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New Methods for Recovery and Detection of Emerging Pathogens in Recreational Water and Wastewater

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A study was conducted in 2009 at BoquerĂ³n Beach, PR to examine the occurrence of pathogens and indicators in sources that potentially impact the recreational beach. To analyze large volume samples for pathogen and indicator occurrence, new methods were used incorporating ultrafiltration (UF) for sample concentration, with standard methods and quantitative polymerase chain reaction (qPCR) for pathogens and indicators. The first objective was to concentrate samples and recover pathogens for analysis; the second objective was to use these methods in a pathogen/indicator occurrence study. Four sample sites – a publicly-owned treatment works (POTW), a wastewater treatment package plant, a lagoon receiving urban and agricultural runoff, and the swimming beach - were monitored every Saturday and Sunday during the beach season. Dead-end ultrafiltration (DEUF) was used to concentrate samples in the field. To establish method performance, both reagent water and seawater matrices were used. 200L sample volumes were collected and concentrated to ∼1L. Indicators included E. coli (culture and qPCR), Enterococcus (culture and qPCR), male-specific coliphages (Method 1601), C perfringens (m-CP agar), and Bacteroidales (qPCR). Pathogens included total culturable viruses (TCV; BGM cell culture and qPCR), adenoviruses (A549 cell culture and qPCR), norovirus by qPCR, Salmonella (culture and qPCR), Campylobacter (culture), E. coli O157 and non-O157 Shiga toxin positive E. coli (culture and qPCR), Giardia/Cryptosporidium (Method 1623), and infectious Cryptosporidium (HCT8 cell culture).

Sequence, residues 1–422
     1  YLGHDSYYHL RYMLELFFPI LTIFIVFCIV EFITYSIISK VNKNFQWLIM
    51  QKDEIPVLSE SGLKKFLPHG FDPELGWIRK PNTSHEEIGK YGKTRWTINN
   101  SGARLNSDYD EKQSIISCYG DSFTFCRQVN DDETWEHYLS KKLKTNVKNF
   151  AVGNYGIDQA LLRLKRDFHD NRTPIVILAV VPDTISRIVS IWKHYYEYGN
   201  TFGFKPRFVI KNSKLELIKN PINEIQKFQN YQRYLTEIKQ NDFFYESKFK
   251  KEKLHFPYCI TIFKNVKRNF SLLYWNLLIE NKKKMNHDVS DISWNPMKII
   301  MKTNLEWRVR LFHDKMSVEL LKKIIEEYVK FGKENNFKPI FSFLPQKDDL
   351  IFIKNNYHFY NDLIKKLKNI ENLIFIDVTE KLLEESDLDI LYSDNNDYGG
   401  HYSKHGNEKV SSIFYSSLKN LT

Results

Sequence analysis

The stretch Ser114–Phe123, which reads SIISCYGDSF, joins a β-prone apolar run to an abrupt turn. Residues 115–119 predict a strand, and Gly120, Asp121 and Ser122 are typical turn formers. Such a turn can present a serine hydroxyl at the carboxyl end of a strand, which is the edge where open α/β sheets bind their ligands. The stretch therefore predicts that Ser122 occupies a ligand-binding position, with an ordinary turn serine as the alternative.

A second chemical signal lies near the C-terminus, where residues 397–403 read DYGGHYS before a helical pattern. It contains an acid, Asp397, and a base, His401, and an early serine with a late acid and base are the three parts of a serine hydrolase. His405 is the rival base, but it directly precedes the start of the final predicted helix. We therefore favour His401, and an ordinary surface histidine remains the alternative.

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Keywords: Pathogens; culture methods; dead-end ultrafiltration (DEUF); quantitative polymerase chain reaction (qPCR); recreational water

Document Type: Research Article

Publication date: 2011-01-01

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